Author giampaolo.rodola
Recipients giampaolo.rodola, josiahcarlson
Date 2009-08-14.23:03:34
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Message-id <1250291017.2.0.719693187742.issue6706@psf.upfronthosting.co.za>
In-reply-to
Content
An old bad design choice in asyncore is how it forces the user to 
override handle_accept() and then call self.accept() to obtain a socket 
pair.

    def handle_accept(self):
        conn, addr = self.accept()

The documentation itself shows the code above as an example of how an 
asyncore-based server should handle an incoming connection.
What the doc doesn't say is that the user calling self.accept() is 
exposed to different risks:

- self.accept() can return None instead of a socket pair in which case 
TypeError is raised (see pyftpdlib bug: 
http://code.google.com/p/pyftpdlib/issues/detail?id=91)

- ECONNABORTED can be raised. This is reproducible on Linux by hammering 
the server with nmap (see pyftpdlib bug: 
http://code.google.com/p/pyftpdlib/issues/detail?id=105)

- EAGAIN can be raised too. I never experienced this error condition 
myself in pyftpdlib but by looking at twisted/internet/tcp.py it seems 
reasonable to catch EAGAIN too.

- The resulting address can be None, which means that the connection 
didn't take place.
This is reproducible by hammering the server with nmap (see pyftpdlib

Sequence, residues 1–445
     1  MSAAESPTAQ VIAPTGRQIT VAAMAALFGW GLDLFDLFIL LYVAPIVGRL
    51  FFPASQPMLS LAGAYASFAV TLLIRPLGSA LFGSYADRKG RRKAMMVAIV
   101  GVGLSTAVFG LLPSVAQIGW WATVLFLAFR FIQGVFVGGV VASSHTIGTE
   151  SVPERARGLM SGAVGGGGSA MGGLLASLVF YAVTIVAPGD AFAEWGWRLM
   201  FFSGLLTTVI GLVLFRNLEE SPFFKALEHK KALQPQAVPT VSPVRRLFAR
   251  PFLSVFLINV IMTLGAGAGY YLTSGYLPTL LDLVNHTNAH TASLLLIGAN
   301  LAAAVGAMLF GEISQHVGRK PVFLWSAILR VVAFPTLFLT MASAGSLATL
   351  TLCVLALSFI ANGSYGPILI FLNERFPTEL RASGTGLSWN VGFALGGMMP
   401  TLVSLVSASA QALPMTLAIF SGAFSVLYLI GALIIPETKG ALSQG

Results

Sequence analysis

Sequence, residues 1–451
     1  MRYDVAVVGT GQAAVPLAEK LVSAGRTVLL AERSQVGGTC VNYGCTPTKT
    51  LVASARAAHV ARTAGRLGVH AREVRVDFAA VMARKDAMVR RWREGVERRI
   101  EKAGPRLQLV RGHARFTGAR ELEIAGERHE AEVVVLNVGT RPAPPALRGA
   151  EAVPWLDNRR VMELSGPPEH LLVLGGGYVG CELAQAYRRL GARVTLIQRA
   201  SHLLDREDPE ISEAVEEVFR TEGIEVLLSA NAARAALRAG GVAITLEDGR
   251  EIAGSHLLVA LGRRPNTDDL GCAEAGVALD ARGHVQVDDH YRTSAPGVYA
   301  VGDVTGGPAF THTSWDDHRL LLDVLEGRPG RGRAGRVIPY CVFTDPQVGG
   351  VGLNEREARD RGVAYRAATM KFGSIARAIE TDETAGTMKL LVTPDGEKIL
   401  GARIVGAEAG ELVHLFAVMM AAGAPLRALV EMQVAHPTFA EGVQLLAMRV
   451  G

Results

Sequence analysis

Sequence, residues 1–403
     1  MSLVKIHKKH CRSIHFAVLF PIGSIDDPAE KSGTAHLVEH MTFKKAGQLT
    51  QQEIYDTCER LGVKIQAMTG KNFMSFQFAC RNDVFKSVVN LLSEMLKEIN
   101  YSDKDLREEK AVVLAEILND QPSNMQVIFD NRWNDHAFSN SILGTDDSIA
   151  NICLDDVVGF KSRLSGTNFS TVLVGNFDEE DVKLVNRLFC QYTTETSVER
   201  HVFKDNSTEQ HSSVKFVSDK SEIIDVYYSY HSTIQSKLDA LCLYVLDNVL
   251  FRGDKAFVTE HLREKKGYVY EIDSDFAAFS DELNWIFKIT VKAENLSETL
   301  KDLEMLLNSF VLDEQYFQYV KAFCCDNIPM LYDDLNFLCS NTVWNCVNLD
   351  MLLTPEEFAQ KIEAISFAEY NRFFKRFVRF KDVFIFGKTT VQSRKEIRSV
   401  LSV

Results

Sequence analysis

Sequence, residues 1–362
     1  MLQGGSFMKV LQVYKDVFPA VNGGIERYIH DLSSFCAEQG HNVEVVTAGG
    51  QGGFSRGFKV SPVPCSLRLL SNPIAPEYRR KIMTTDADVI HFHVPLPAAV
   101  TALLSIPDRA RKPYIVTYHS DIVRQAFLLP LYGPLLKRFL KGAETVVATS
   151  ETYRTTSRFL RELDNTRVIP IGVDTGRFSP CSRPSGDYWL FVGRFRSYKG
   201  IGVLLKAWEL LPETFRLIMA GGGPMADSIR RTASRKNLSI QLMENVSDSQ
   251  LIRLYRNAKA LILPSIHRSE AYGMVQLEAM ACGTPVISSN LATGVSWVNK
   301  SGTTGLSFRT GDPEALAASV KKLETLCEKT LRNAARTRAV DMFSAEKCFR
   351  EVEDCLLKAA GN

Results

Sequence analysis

bug http://code.google.com/p/pyftpdlib/issues/detail?id=104).


The right thing to do when one of such events occur is to "return" as no 
connection has really been established between client and server.

Now, altough handling these kind of conditions is quite easy, the API 
design remains fundamentally wrong, as it forces the user to call 
accept().
As asyncore.py is structured right now the only chance the user has to 
properly accepting a connection is manually handling all these cases in 
his subclass.


My patch in attachment tries to solve this problem by defining a new 
"handle_accept_event()" method which takes care of all the error 
conditions described above resulting in handle_accept() be called *only 
when a connection really took place*.
When the connection is established handle_accept_event() stores the 
socket pair as an attribute and the next call to accept() returns that 
pair.
This preserves the current implementation without breaking any code as 
the user will have to override handle_accept() and then call accept() in 
the same manner [1], with the difference that self.accept() will always 
return a valid socket pair.

[1] 
    def handle_accept(self):
        conn, addr = self.accept()
History
Date User Action Args
2009-08-14 23:03:37giampaolo.rodolasetrecipients: + giampaolo.rodola, josiahcarlson
2009-08-14 23:03:37giampaolo.rodolasetmessageid: <1250291017.2.0.719693187742.issue6706@psf.upfronthosting.co.za>
2009-08-14 23:03:35giampaolo.rodolalinkissue6706 messages
2009-08-14 23:03:34giampaolo.rodolacreate